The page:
Virtue according to St Antony

At this stage, it is useful to listen to what St Antony the Great, the legendary Desert Father, has to say about virtue. From his Life written by St Athanasius, we observe St Antony preaching that virtue…

is not distant from us, nor does it stand external to us, but its realization lies in us, and the task is easy if only we shall will it.

Athanasius of Alexandria. (1980). Athanasius: The Life of Antony and the Letter to Marcellinus. (R. J. Payne, Ed., R. C. Gregg, Trans.) (p. 46). Mahwah, NJ: Paulist Press.

St Antony here has a high view of the capacity of humans for virtue, noting that the source of virtue lies internal to us and that the virtues are easy to obtain once we will the attaining. We should probably assume that St Antony is here talking about and to Christians who have received the Holy Spirit in baptism. St Antony expands on this some more:

For the Lord has told us before, the Kingdom of God is within you. All virtue needs, then, is our willing, since it is in us, and arises from us. For virtue exists when the soul maintains its intellectual part according to nature. It holds fast according to nature when it remains as it was made—and it was made beautiful and perfectly straight.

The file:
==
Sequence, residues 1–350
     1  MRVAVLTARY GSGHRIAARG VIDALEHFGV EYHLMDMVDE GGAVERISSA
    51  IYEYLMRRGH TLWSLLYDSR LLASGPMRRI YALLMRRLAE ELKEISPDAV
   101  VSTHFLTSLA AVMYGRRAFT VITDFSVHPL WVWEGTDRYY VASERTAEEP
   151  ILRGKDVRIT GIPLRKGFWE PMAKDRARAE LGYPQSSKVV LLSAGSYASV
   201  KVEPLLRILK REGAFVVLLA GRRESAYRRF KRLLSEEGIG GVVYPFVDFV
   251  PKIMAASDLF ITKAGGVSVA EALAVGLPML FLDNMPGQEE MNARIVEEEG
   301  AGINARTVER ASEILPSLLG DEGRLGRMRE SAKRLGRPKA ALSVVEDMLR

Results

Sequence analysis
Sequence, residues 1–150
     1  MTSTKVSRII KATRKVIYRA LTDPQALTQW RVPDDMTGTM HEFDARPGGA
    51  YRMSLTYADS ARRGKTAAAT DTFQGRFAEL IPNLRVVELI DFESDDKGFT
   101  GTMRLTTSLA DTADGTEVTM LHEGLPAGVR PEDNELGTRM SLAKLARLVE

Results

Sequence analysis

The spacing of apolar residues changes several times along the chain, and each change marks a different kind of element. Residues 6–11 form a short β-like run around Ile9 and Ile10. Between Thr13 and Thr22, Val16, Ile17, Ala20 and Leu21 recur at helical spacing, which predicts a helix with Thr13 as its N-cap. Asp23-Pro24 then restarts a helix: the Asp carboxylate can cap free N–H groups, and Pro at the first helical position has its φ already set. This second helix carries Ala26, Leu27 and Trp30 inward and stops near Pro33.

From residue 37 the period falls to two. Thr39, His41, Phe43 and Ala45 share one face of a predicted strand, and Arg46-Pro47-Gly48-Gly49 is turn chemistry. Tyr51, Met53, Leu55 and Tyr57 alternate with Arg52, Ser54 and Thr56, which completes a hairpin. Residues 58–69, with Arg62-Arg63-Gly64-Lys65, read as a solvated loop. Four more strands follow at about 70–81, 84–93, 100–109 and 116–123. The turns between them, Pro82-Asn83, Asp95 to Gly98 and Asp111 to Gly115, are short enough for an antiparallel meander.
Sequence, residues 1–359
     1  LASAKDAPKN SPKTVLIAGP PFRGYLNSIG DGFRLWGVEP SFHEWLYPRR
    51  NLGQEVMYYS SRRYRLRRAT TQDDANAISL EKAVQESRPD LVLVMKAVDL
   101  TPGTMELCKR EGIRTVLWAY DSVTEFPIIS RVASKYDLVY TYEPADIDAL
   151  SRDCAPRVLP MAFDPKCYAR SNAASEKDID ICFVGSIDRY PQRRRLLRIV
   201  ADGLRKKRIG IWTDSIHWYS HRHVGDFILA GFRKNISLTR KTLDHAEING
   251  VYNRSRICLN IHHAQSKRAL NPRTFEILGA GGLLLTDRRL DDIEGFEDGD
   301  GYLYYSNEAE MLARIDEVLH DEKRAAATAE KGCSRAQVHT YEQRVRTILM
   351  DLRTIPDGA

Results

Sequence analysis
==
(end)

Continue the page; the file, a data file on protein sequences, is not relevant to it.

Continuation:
Athanasius of Alexandria. (1980). Athanasius: The Life of Antony and the Letter to Marcellinus. (R. J. Payne, Ed., R. C. Gregg, Trans.) (p. 46). Mahwah, NJ: Paulist Press.

Drawing on the teaching of Our Lord that the Kingdom of God is within us, our saint is implying that the power to obtain virtue, and therefore a blessed life, is something we already possess. He teaches that this involves maintaining our “intellectual part according to nature”. To understand what he means by this, let’s examine a longer expansion on this theme:

As far as the soul is concerned, being straight consists in its intellectual part’s being according to nature, as it was created. But when it turns from its course and is twisted away from what it naturally is, then we speak of the vice of the soul. So the task is not difficult, for if we remain as we were made, we are in virtue, but if we turn our thoughts toward contemptible things, we are condemned as evil. If the task depended on something external that must be procured, it would be truly difficult, but since the matter centers in us, let us protect ourselves from sordid ideas, and, since we have received it as a trust, let us preserve the soul for the Lord, so that he may recognize his work as being just the same as he made it.